In first big interview, Gantz vows he’ll be PM but won’t say what he’ll do there
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In first big interview, Gantz vows he’ll be PM but won’t say what he’ll do there

Israel Resilience party head pledges support for attorney general attacked by Netanyahu, but is wary and vague on most major issues at stake in April election

Raoul Wootliff is the The Times of Israel's political correspondent.

Former IDF chief of staff Benny Gantz delivers his first electoral speech in the coastal city of Tel Aviv on January 29, 2019. (Thomas Coex/AFP)
Former IDF chief of staff Benny Gantz delivers his first electoral speech in the coastal city of Tel Aviv on January 29, 2019. (Thomas Coex/AFP)

After an excerpt from Benny Gantz’s first political interview drew ire from the right when it was released earlier in the week, Yedioth Aharonoth published on Friday the full “personal conversation,” as it was billed.

After further criticism of Gantz’s substance-free response to questions raised about his praise of the 2005 disengagement from Gaza, an Israel Resilience spokesperson had told The Times of Israel on Thursday that the full interview would be an “in-depth piece that’s almost 10 pages long, and addresses the important economic, social, security and state issues that are of interest to the public.”

While the Israeli singer Shlomo Artzi and right-wing journalist and comedian Hanoch Daum made for curiously paired questioners, the 7,000-word free-flowing interview did indeed cover a vast range of topics relating to almost every realm of Israeli public discourse.

But Gantz, who is seen as the main potential challenge to a continued Netanyahu government, kept his cards close to his chest on many thorny issues. What he said unequivocally was that “I am going to be prime minister” and “I am going to beat Benjamin Netanyahu.”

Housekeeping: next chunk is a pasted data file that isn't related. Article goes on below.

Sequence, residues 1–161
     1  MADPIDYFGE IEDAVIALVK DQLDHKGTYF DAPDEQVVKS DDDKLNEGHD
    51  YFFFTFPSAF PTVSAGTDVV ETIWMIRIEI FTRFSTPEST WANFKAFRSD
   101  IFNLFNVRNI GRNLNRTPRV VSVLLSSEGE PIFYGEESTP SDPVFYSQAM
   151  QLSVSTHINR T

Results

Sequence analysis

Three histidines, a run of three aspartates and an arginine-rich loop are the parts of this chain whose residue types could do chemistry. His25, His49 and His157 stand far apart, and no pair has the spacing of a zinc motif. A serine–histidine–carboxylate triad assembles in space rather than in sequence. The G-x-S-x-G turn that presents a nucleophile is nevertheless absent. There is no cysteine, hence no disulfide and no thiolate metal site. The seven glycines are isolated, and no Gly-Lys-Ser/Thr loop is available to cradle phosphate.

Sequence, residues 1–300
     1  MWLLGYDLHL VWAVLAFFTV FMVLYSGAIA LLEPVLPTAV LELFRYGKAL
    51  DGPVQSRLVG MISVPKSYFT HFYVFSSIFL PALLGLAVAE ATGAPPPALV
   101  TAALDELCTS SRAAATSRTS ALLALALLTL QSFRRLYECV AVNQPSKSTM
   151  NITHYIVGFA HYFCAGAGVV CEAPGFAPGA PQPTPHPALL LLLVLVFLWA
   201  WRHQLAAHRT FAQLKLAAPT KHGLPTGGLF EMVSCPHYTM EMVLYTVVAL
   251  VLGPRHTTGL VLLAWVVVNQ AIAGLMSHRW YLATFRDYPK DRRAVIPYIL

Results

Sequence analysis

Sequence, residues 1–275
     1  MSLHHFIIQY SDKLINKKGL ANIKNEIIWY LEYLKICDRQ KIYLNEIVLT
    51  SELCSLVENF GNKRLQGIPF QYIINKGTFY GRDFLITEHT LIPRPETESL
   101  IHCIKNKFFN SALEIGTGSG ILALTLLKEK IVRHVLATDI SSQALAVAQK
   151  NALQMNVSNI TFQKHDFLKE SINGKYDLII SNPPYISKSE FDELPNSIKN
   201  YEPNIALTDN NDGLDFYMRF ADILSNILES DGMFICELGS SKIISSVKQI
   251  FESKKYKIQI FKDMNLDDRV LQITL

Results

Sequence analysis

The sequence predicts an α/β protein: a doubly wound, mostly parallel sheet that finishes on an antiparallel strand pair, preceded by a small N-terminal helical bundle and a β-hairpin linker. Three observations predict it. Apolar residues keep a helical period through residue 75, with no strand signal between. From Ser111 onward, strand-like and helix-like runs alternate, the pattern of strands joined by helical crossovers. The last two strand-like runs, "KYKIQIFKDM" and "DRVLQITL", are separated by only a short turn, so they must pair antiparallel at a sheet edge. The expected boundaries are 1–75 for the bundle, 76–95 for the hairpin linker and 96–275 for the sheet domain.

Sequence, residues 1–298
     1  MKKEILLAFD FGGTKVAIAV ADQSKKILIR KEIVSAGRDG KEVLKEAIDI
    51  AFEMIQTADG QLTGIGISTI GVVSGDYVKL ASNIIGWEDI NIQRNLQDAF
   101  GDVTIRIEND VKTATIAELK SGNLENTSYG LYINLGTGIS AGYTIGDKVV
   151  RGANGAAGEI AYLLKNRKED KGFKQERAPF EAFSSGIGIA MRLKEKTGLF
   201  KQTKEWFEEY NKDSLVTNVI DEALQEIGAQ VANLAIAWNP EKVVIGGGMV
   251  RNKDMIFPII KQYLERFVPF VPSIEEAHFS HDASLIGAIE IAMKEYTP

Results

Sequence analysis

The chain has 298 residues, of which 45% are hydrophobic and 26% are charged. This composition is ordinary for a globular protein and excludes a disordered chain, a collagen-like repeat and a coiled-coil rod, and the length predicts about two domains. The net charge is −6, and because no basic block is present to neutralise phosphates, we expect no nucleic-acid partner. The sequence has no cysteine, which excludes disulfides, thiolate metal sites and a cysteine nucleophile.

On whether he is really left or right, Gantz said that for him “the central question is always the security question,” dodging the issue with platitudes about “bringing people with different beliefs and opinions together.”

On the disengagement, Gantz said that Israel “needed to find a way where it is not controlling the lives of others,” but would not commit either to establishing a Palestinian state or not evacuating further settlements, saying that a good negotiator doesn’t reveal what he thinks ahead of time.

Illustrative image of an Israeli soldier guarding near the Kedumim settlement, with the Palestinian village of Kadum in the background, on November 13, 2009. (Gili Yaari/Flash90)

Gantz also noted that the question would only be relevant if the Palestinians “wake up” and enter serious negotiations.

Daum referred to a remark made in Gantz’s maiden political speech last week: “You said that we need to strengthen the settlement blocs. But there are settlers who live outside of the blocs. People live in Eli, in Kedumim. Does that mean they should be removed?”

“All of us have experience in the world of negotiations,” Gantz replied. “I don’t think that ahead of time I need to speak in too much detail about what I think and what I don’t think. I can tell you what I’m driven by. I’m driven by what’s in Israel’s interest. I’m driven by the fact that 90% of the people will agree with 90% of the things. I am not waiting. I continue to improve, I continue to strengthen, I start to build.